type 16 bytes 64 bytes 256 bytes 1024 bytes 8192 bytes sha256 65269.04k 146854.27k 257154.99k 319237.31k 340817.24k sha384 38362.10k 153405.99k 270212.10k 407485.22k 477689.17k 56% 104% 105% 128% 140%
Interestingly SHA512 (which SHA384 is derived from) is faster on 64-bit machines than SHA256. This post, suggests that SHA512 is faster than SHA256 because it processes 2x as much data per cycle, even though there’s a few more cycles. It’s also worth pointing out that SHA384 is immune to certain attacks that work against SHA512.
So what does this all tell us.
It does show that AES256 is slower than AES128 by around 11%. Though that doesn’t explain why I would see a 500% increase in CPU load when it was running.
AES-NI also accelerates AES256, in fact it seem to do even better with AES256 than it does with AES128 in terms of the performance boost. So that shouldn’t have been a factor. Moreover, I see a 5.4x speed up for AES-NI. 11% performance difference times 5.5x if AES-NI isn’t running would give me a 60% performance difference, not a 500% one.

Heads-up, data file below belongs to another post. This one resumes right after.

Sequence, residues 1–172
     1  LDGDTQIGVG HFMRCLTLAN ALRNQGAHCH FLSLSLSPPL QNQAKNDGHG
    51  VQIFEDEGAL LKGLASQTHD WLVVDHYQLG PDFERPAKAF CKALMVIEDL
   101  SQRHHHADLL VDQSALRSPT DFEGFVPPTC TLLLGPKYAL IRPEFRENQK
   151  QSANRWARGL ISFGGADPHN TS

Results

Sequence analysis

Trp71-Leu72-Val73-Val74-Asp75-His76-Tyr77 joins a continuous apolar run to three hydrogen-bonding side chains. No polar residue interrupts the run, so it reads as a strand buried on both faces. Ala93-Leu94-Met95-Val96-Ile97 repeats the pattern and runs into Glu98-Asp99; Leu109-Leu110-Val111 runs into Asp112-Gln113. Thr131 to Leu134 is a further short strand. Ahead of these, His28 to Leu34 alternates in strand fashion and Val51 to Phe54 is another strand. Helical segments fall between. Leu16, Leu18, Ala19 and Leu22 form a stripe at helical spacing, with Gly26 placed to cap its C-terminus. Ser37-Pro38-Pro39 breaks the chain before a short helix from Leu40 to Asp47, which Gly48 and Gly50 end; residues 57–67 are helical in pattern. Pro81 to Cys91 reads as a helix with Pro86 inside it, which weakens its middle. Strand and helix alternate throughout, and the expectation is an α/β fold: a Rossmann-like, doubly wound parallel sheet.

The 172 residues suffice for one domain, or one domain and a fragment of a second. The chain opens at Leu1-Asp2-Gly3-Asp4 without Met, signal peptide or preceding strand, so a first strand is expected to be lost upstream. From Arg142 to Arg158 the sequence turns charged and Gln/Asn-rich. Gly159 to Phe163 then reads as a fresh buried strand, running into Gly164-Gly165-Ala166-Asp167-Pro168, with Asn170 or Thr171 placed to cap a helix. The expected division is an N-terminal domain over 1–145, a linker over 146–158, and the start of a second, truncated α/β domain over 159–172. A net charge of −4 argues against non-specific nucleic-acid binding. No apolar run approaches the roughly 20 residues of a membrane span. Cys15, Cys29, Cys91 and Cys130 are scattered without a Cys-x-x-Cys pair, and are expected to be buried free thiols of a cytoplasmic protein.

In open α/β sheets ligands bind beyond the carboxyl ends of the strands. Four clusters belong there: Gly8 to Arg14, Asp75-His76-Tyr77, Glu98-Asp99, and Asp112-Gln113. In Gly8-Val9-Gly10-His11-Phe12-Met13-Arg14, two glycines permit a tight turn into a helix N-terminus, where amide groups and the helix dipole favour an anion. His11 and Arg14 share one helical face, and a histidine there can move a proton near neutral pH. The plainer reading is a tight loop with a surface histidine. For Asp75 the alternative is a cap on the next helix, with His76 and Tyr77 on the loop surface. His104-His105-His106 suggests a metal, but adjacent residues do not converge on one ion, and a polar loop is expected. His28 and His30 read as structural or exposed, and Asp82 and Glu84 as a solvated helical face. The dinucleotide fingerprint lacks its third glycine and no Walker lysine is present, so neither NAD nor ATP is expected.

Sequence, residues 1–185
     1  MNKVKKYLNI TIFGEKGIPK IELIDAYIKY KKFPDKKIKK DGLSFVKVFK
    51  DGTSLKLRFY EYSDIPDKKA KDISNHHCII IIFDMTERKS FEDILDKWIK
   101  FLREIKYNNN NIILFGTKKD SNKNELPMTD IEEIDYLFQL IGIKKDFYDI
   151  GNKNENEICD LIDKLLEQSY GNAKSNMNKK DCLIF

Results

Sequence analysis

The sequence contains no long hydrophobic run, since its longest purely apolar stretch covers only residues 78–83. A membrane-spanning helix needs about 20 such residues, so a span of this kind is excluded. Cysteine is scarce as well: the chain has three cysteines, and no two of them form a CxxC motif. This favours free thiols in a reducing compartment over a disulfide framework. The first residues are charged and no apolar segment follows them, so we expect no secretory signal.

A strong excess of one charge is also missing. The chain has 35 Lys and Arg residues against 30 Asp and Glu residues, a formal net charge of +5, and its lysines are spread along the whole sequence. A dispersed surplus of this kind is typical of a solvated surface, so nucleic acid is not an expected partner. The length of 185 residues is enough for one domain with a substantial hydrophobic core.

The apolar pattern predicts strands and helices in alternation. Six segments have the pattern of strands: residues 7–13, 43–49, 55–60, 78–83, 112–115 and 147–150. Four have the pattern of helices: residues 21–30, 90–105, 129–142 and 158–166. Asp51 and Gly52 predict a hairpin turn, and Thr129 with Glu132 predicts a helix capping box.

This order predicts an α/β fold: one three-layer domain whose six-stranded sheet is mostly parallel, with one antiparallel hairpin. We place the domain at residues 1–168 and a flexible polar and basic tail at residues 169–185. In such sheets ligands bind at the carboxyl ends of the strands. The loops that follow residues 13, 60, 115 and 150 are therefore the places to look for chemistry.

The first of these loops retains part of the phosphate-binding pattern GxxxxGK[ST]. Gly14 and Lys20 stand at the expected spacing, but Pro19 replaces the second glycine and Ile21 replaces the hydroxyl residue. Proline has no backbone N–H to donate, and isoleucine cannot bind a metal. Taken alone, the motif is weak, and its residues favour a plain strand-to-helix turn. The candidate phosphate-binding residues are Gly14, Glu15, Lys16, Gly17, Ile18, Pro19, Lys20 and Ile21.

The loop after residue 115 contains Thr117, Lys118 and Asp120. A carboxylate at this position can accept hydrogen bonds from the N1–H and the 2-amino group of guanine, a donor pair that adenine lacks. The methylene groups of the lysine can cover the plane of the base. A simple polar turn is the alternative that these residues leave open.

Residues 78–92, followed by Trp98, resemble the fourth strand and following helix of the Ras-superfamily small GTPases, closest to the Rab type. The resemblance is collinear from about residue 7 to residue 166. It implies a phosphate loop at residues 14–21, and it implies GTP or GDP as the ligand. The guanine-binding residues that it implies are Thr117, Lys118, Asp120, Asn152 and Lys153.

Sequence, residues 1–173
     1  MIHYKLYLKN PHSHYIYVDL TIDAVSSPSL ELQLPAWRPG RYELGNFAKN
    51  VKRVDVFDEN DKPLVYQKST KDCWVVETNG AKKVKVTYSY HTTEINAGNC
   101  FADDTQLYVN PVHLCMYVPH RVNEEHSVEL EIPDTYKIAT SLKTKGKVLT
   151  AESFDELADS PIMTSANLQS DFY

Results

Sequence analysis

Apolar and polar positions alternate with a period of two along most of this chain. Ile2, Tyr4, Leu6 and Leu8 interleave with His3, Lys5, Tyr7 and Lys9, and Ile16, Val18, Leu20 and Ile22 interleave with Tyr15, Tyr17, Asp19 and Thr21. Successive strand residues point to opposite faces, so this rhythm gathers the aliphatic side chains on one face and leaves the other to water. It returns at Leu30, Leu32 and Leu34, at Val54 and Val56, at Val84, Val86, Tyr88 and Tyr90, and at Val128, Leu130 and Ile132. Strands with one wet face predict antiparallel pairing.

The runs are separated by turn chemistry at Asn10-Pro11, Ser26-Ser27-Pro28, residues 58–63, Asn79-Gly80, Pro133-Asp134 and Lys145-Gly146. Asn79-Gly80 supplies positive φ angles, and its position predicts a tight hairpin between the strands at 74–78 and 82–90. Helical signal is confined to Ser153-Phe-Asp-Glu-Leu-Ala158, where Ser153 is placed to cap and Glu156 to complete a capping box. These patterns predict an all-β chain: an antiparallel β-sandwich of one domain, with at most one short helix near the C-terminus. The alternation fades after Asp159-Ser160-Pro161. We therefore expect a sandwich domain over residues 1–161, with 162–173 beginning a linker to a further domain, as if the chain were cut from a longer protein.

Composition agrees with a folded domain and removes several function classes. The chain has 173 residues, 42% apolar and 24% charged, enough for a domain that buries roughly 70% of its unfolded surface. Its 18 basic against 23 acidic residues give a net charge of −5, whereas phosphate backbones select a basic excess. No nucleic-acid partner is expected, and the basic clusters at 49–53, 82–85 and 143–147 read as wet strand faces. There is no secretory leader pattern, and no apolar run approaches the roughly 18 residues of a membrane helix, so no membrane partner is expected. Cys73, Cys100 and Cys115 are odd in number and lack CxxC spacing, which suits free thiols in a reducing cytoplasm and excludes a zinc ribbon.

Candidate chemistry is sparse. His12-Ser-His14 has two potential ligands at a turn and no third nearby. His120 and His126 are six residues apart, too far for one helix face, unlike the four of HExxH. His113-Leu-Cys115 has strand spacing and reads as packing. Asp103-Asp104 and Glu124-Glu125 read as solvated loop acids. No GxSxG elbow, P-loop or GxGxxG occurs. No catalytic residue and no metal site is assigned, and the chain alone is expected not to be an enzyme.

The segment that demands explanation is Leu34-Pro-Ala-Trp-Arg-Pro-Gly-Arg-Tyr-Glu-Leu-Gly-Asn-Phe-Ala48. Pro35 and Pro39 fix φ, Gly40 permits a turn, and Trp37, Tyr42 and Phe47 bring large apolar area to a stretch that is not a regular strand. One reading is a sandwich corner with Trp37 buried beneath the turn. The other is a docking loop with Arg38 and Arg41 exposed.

Given the benchmark data, SHA2 hashes would appear to be the bigger limiting factor, but SHA384 is faster than SHA256, so that doesn’t account for the performance problems either.
In short, I’m stumped. I know the performance was related to real traffic, as the increase in CPU load directly corresponded to network traffic, so it wasn’t some runaway processes doing something in the background. Moreover, that network traffic corresponded to my typical dial traffic curves, so I think it was legitimate traffic.